Hot Time in Holstein
Some really sweet jazz emanated from the Clausen Center in Holstein on Valentine’s Day. The Jaimee Paul and Leif Shires’ Quintet came on stage and brought a host of hopes and dreams with them. What a revelation. It was definitely not an evening redolent of candy hearts and the attendant overdose of red roses. What they offered up was more like the aroma of rich dark chocolate spiced with the heady scent of white carnations.
Paul’s voice is simply amazing. A person would swear her lungs went all the way down to her knees. There aren’t many who can hold a note as true and as long as she can. Amazing, too, were the interpretations she and Shires gave to revered jazz standards.
It was to be expected that they would play “My Funny Valentine” but to have this plaintive cry of love layered over Beethoven’s “Moonlight Sonata” was near genius. The strains from Shires’ trumpet flowed like long silken strands of golden honey. Paul’s vocals took on a timbre of dark molasses laced with a splash of Cointreau. The result was an electric fusion of epic proportions.
There were lots more happy surprises.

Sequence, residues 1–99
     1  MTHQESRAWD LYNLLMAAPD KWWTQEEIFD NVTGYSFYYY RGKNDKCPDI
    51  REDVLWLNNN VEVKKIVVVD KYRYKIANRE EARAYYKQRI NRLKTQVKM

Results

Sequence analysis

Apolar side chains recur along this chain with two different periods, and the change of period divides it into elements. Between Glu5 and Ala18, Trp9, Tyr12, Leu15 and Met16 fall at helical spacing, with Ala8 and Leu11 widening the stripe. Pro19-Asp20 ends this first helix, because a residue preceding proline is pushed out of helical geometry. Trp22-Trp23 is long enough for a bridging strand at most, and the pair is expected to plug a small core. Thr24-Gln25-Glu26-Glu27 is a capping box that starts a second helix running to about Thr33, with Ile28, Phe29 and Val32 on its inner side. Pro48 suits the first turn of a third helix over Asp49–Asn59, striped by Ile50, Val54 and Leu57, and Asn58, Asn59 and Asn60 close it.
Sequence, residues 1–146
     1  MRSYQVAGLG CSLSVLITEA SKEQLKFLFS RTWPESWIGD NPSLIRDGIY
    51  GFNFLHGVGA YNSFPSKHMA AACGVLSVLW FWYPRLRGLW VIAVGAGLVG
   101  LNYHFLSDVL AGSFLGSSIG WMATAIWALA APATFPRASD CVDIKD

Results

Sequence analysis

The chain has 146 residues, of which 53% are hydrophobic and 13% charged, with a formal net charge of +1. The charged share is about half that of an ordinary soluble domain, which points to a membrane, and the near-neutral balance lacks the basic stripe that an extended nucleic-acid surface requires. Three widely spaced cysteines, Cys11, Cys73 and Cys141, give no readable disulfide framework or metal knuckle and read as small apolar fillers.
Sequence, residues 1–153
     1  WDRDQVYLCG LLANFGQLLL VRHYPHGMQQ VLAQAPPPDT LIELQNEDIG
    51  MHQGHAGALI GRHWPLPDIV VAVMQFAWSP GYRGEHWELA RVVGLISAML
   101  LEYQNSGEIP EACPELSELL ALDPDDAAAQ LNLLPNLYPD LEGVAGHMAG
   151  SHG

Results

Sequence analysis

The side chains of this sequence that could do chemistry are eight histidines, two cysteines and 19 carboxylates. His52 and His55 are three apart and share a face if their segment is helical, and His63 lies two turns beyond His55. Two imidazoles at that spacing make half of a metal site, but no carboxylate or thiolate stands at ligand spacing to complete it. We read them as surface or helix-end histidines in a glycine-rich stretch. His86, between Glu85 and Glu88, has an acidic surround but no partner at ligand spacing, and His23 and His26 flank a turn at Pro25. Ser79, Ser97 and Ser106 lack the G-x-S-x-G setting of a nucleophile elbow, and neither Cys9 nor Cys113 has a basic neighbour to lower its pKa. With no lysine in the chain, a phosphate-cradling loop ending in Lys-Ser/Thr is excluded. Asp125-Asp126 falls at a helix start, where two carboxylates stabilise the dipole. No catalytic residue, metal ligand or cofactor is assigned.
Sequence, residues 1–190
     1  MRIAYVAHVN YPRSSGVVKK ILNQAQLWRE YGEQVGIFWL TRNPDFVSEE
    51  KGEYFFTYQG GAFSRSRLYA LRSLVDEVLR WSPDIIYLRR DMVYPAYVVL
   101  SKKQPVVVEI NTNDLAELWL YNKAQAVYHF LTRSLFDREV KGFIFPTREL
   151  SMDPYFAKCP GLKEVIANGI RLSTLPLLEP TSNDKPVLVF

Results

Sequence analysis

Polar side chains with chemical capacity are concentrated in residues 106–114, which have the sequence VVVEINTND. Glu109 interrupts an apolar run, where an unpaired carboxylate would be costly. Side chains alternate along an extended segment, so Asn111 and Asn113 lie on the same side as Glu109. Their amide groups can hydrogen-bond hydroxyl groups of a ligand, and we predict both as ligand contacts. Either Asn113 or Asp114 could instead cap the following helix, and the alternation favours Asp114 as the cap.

“My Favorite Things” morphed from a song composed to chase away a child’s fears to a triumph of hope over despair. The way Paul sang them, the words could have been a woman singing to an absent lover or maybe just to herself all alone in a big empty room. Whatever it was, it was magic.
So was “Summertime” from Porgy and Bess. Under the quintet’s sure and able hand, it became a hymn of joy rather than a symphony of sadness.
Then came “People Get Ready” which ended the first set and left the audience eager for more. They were not disappointed in the second half. Shires came back on and prefaced two instrumentals with his grandfather’s words, “A physician can heal the body but a musician can heal the soul.”. It would seem he was right. When the guys played “Blue Skies”, a sense of pure contentment settled over the audience and quiet smiles appeared.
“Hernando’s Hideaway” was a gas from start to finish. You just can’t beat a great vocalist when she’s backed up by a sweet muted trumpet. It’s even better when the piano is on a roll; the drums are pulsating; and the bass is banging away. “Sent by Joe”? You bet.
“At Last” made famous by Etta James had to have been the acme of the evening. Paul metaphorically tore her heart out and handed it to the crowd. As the French say, it was magnifique! Music with a capital M.
“Awesome” is a term that has been so overused of late that it has come dangerously near to deteriorating into irrelevance. Not this time and not with this group. They most assuredly have first dibs on the word.